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‘Shiny Happy People’ Reveals Who the Real Predators Are

The Duggar family, consisting of about 20 people, stands on the grass with a ray of light touching their heads. They all have a yellow happy face over their real faces.

Conservatives love to throw around vile accusations about LGBTQ+ people. Trans people are pedophiles! Queer folks are groomers! As is always the case with religious fanatics, though, it’s all bald-faced projection. Shiny Happy People: Duggar Family Secrets, the new docuseries streaming on Prime Video, is the latest exposé to demonstrate that.

Shiny Happy People explores the Duggars, the fundamentalist Christian family who became famous for their reality series on TLC, 19 Kids and Counting. On TV, they were portrayed as a huge, lovable family, pushing caravans of shopping carts out of the grocery store to stock their larder, while leaning into wholesome Christian values. In their heyday, the Duggars had close ties to Bill Gothard’s Institute for Basic Life Principles, a fundamentalist training program for Christian families.

If you’ve spent any time at all around Christian fundamentalists, you’ll be utterly unsurprised at what’s going on under the Duggars’ surface. Jim Bob and Michelle Duggar, along with the rest of the IBLP community, see themselves as the pinnacle of the human race: white and Christian, with their quiver full of children. Like in the recent film Soft & Quiet, scratching the surface just a little reveals the nauseating depravity underneath. The oldest Duggar child, Josh, molested his sisters before being convicted of possessing child pornography. Gothard was a serial sexual harasser who targeted teen girls. The hypocrisy of Christian fundamentalism is so blatant, and the rot in its communities so deep and pervasive, that any outsider can spot it in an instant—and that’s why IBLP, like any other cult, is so obsessed with cutting its adherents off from the outside world.

Christian fundamentalism is a cult

If I sound heated, it’s because the series brought me back to my own experience with fundamentalists while growing up in Orange County, California. Day after day, year after year, students and teachers at school breathlessly detailed for me all the reasons I was going to Hell. Their energy for trying to convert nonbelievers was bottomless. Public events were always crawling with proselytizers, whispering in people’s ears like Wormtongue from Lord of the Rings. Once, while working as a counselor at an arts camp, I caught another counselor “witnessing” to a 10-year-old camper with a common fundamentalist mind game: demanding that the kid tell her if Jesus was a liar, insane, or the literal savior of humankind. The question is designed to corner people, confuse them, and break down their will to push back.

It’s a tactic you see at work in the Duggar documentary. Kids are homeschooled with “wisdom booklets,” filled with woo-woo like “Hands are made of nonliving atoms.” (Eerily, the voice narrating the booklets resembles Miss Minutes from Loki‘s Time Variance Authority. I guess there’s nothing like a cheerful southern drawl to deliver pseudo-spiritual fascist propaganda.) Babies’ wills are broken early through “blanket training,” in which a parent places their infant on a blanket and hits them when they crawl off of it. What would be the weirdest, most horrific day in anyone else’s life is a normal day for a fundamentalist.

How can anyone hit a baby and convince themselves they’re the good guy? It’s because these people don’t live in reality, which is how abuse flourishes so easily in their communities. When the men (and select women) in power inevitably abuse everyone under their control, those victims have no idea that there’s a larger, more rational world out there where they might find help. Like the Jesus riddle they’re so fond of—Liar, insane, or your personal savior? You can only choose one!—Christian fundamentalists prop up their brittle world by hiding all the vastly better options.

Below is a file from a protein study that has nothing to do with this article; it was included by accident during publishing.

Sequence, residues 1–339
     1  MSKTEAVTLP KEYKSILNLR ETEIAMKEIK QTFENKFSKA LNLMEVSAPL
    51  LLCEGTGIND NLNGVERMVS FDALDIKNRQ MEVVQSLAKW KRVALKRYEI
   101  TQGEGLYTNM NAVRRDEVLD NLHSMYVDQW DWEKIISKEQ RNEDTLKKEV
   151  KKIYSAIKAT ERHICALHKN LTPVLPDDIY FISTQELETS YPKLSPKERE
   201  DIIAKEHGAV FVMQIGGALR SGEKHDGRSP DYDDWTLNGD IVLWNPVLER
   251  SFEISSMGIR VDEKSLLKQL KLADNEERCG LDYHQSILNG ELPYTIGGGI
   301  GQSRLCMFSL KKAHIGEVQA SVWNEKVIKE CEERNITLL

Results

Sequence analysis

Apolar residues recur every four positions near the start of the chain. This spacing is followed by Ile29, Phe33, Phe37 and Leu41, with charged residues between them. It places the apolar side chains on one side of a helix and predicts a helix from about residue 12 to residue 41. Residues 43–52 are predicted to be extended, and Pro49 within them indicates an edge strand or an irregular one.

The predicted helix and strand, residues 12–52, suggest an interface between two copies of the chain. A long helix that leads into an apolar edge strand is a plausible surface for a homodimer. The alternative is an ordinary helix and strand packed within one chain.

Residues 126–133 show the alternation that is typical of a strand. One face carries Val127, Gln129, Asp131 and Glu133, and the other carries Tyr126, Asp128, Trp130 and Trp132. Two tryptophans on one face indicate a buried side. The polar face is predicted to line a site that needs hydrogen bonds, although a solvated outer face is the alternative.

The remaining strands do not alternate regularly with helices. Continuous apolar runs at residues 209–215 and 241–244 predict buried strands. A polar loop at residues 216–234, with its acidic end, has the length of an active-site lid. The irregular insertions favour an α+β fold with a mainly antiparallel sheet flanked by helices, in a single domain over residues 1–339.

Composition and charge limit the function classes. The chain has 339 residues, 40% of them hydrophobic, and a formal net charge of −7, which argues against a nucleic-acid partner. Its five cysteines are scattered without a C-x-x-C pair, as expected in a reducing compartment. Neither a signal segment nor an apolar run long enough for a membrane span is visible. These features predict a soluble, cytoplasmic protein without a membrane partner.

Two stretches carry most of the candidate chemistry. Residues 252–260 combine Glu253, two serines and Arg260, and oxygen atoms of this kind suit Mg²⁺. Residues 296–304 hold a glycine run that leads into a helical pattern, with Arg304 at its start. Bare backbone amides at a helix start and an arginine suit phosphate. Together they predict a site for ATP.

Why fundamentalists like the Duggars should scare you

Fundamentalism would be bad enough if it were limited to a fringe cult. As Shiny Happy People makes clear, however, that fundamentalists are aiming for world domination. You know those antisemitic conspiracy theories right-wingers love to spread? Or their constant fear-mongering about the “gay agenda?” Those myths are meant to distract us from the fact that fundamentalists literally want to take over the world. And whether it’s training militias of brainwashed homeschooled boys or installing lawmakers through their Generation Joshua program, they’re hard at work making their dream a reality.

There’s so much more to unpack in Shiny Happy People—the complicity of TLC in the exploitation of the Duggar kids and the spread of Gothard’s cult, for example, or the heartwrenching stories of survivors who escaped IBLP—but as I watched, I kept thinking back to high school. How did I ever take these people’s beliefs seriously? The leaders of this movement are clowns, grifters, and predators. What’s frightening is the sheer amount of wealth and power they’ve accumulated. If you only take one thing from Shiny Happy People, make it this: the fundamentalist movement needs to be stopped in its tracks, for the sake of all the victims still trapped inside it, and anyone who doesn’t want to be crushed under a Christo-fascist regime.

(featured image: Prime Video)

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Julia Glassman (she/her) holds an MFA from the Iowa Writers' Workshop, and has been covering feminism and media since 2007. As a staff writer for The Mary Sue, Julia covers Marvel movies, folk horror, sci fi and fantasy, film and TV, comics, and all things witchy. Under the pen name Asa West, she's the author of the popular zine 'Five Principles of Green Witchcraft' (Gods & Radicals Press). You can check out more of her writing at